Urban Resource Institute (URI), the largest provider of domestic violence residential services in the U.S. and a pioneer in co-living for survivors and their pets, has announced plans to create a new outdoor pet park to be enjoyed by residents and their pets. Construction of the pet park will begin in late spring at URI’s newest family shelter, Brighter Days, in Queens. A $65,000 grant from the Banfield Foundation will support construction of the pet park.
The Brighter Days shelter was completed in March, becoming the ninth pet-friendly domestic violence shelter among URI’s fourteen domestic violence shelters across New York City. The shelter’s 45 pet-friendly apartment-style units for domestic violence survivors and their families increase URI’s total number of pet-friendly units in URI shelters to more than 300.
Fewer than 20 percent of domestic violence shelters nationwide offer any assistance or accommodations for pets. Even fewer permit co-living for people and pets. This creates a significant barrier for families and individuals with pets seeking safety from domestic abuse.
A survey conducted by URI and the National Domestic Violence Hotline found that 97 percent of domestic violence survivors indicated that keeping pets is an important factor in seeking shelter. Fifty percent of survey respondents said they would not consider shelter for themselves without their pet. This and more information is available in the free, downloadable PALS Report and Survey: Breaking Barriers to Safety and Healing.
To address this major barrier in providing safety for pet-owning families experiencing domestic violence, URI introduced its innovative People and Animals Living Safely (PALS) program in 2013. The program provides co-living apartments and comprehensive services for domestic violence survivors with their pets to live and heal together. URI remains the only service provider in New York City with this option.
The Mayor’s Alliance is privileged to have been a part of the PALS program launch. The Alliance provided support to URI in the form of crucial expertise and technical assistance addressing the link between animal welfare and human welfare. The Alliance also provided crates, pet beds, bowls, and other supplies for the URI shelters, and arranged to have the launch press event at the prestigious House of the New York City Bar Association.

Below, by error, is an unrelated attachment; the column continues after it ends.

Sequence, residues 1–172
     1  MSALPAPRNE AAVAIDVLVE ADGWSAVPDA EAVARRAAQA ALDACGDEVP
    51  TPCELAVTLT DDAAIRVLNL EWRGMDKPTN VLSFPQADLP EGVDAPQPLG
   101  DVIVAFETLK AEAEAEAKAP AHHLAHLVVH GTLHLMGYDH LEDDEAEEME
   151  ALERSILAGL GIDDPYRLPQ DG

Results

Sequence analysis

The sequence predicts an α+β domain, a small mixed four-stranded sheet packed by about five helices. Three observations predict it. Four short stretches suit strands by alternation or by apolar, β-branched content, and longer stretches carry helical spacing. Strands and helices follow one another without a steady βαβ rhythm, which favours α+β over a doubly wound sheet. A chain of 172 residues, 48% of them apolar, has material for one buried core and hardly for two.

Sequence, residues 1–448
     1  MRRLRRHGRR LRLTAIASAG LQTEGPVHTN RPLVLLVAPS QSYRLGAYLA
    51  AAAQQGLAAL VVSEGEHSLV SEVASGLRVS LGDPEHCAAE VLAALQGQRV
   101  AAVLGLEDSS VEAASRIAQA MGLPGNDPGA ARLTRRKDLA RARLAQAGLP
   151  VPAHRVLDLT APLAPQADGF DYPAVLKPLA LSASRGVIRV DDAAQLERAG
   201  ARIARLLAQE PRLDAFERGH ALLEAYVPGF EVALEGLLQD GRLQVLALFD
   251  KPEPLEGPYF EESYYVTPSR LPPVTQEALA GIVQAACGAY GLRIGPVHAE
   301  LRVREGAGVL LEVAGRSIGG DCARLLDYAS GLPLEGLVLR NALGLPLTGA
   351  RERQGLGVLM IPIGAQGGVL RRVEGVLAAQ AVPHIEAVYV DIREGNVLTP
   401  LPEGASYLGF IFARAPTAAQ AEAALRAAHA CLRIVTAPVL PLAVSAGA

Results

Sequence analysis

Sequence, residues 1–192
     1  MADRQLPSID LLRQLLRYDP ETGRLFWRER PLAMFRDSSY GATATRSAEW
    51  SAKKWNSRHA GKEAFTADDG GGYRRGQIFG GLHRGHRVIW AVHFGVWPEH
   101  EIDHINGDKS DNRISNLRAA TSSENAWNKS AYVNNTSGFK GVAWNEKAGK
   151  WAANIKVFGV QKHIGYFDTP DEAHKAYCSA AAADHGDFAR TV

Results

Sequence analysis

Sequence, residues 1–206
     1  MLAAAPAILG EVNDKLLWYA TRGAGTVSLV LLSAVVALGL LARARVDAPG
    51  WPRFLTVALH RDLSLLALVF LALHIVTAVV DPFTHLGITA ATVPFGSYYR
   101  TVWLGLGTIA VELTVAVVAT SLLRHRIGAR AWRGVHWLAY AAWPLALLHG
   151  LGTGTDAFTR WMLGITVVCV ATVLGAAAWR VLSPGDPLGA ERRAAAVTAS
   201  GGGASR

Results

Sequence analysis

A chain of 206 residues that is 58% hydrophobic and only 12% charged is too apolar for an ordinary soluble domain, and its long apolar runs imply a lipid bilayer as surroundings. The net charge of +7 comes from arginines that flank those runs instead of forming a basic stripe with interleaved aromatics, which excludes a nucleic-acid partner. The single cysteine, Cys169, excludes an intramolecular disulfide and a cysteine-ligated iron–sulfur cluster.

“The URI People and Animals Living Safely Program addresses a critical need in services for domestic violence survivors—the accommodation of pets. Keeping families and pets together empowers survivors to leave a dangerous situation knowing their entire family can stay safely together, and it enhances the healing process for all,” said Nathaniel M. Fields, Chief Executive Officer, URI.
“Nine of URI’s fourteen shelters throughout New York City offer the PALS program,” explained Danielle Emery, URI PALS Director. “With the opening of our Brighter Days shelter, we now have four PALS shelters that offer Tier 2 transitional housing, which offers residents a continuum of care that extends beyond time limited Tier 1 emergency housing.”
“Having safe shelter and access to an outdoor space where families can play freely and without fear is essential, especially when a pet is involved,” said Kim Van Syoc, Executive Director, Banfield Foundation. “Access to a pet park and playground is so important when thinking about how families interact, bond, and begin to rebuild their lives.”
URI commissioned local artist Elijah Minton to design and paint three murals for the new pet park. The murals are intended to amuse and inspire the residents. Elijah is committed to creating art to uplift communities, and his designs for the new murals will convey a hopeful, whimsical space. This marks URI’s fourth mural project with Elijah, with previous murals including another Banfield Foundation Pet Park at URI’s Harmony House domestic violence shelter.
For more information about URI and/or the PALS program, visit https://urinyc.org. If you have specific questions about the PALS program that you cannot find answers to on the website, you can email PALSinfo@urinyc.org. To download the free PALS Report and Survey: Breaking Barriers to Safety and Healing, please visit https://urinyc.org/palsreport/
If you need help escaping domestic abuse or are a family in need of shelter, call:
NYC’s 24-hour Domestic Violence Hotline 800-621-4673
National Domestic Violence Hotline 800-799-7233 or 800-787-3224 (TTY)
NYC Gay and Lesbian Anti-Violence Project 212-714-1141
In the event of an emergency, call or text 911